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Simple strategies that can be used in the ED
Improve patient care and communication
Emergency departments (EDs) can improve communication and patient care with simple strategies, says Gregory Cuculino, MD, an emergency physician at Taylor Hospital in Philadelphia.
Taylor Hospital uses physician-patient huddles, during which key elements of the patient's course are reviewed and any potential questions clarified. This communication is particularly important at the time of disposition of the patient, as the decision to admit or discharge often depends on clinical details of which the physician making that decision might not be aware, he says.
"The huddles help us get back to the kind of medicine we practiced years ago, when you actually had a few minutes to talk to each other," Cuculino says. "We do huddles at different points in the patient's care, including discharge huddles where the nurse can be the patient's advocate and tell us the patient still has a fever or doesn't have prescription medicine coverage. They can tell us these things then instead of me sending the patient home and then saying, 'Oops, wish I'd known that before I discharged him.'"
Implementing a trigger alert system at Beth Israel Deaconess Medical Center in Boston cut the time to initial physician contact and the mean time to the first therapeutic intervention by half, Cuculino says.
Dana Siegal, RN, CPHRM, director of patient safety services with CRICO Strategies, which organized the recent collaborative effort to devise ED strategies, says one participant institution is implementing a huddle at the time of the admission, using the mnemonic STOP: Significant issues, Therapies, Oxygen and last vital signs, and Pending issues. This communication is designed to identify any pending issues that could be missed as the patient transitions from the ED to the inpatient wards, she says.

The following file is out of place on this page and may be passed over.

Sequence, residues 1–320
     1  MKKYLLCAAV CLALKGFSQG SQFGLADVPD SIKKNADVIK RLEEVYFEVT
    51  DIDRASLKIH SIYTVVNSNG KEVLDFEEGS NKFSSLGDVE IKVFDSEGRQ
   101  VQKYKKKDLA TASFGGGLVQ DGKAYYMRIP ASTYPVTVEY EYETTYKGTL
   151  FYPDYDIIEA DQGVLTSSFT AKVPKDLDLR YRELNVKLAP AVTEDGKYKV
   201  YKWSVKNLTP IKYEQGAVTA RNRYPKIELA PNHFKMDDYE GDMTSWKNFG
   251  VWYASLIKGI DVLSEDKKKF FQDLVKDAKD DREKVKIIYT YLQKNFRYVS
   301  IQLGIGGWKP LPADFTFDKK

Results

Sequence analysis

Others have included a structured update between the charge nurse and the attending physician at key points in the shift to review the department as a whole and to identify any potential issues that might have arisen during the shift, Siegal says. "Many leaders from EDs with robust electronic patient tracking and charting systems noted that much of the MD-RN communication occurs electronically and emphasized the need to supplement electronic information with structured times for closed-loop verbal communication," she says.
Triggers can improve patient care
A vital sign trigger program is in use by ED clinicians at Beth Israel Deaconess Medical Center in Boston to more effectively assess the patients coming to the ED and triage them, says Carrie Tibbles, MD, an emergency physician and associate director of graduate medical education at Beth Israel, who co-chaired the ED strategy effort. It was developed by Clinical Operations Director Leon Sanchez, MD.
"The triggers program takes some of the subjective guesswork out and tells us that if a person has these vital signs, they need to be seen by a physician right away," she explains. "We have parameters for heart rate, respiratory rate, blood pressure, low oxygen saturation, marked nursing concern, and altered mental status."
The ED staff try to leave a couple of exam rooms in the more acute care area open for trigger cases, and a care team is summoned with the announcement "Trigger to Room 1," for example. "Instead of waiting to bring the patient back and then going to find a physician, by triggering the patient, the physician, nurse, tech and resident can meet in the room to quickly assess the patient," Tibbles says. "We've found that the time of the physician to bedside, the time to first intervention and the time to the intensive care unit are all faster if you use this system."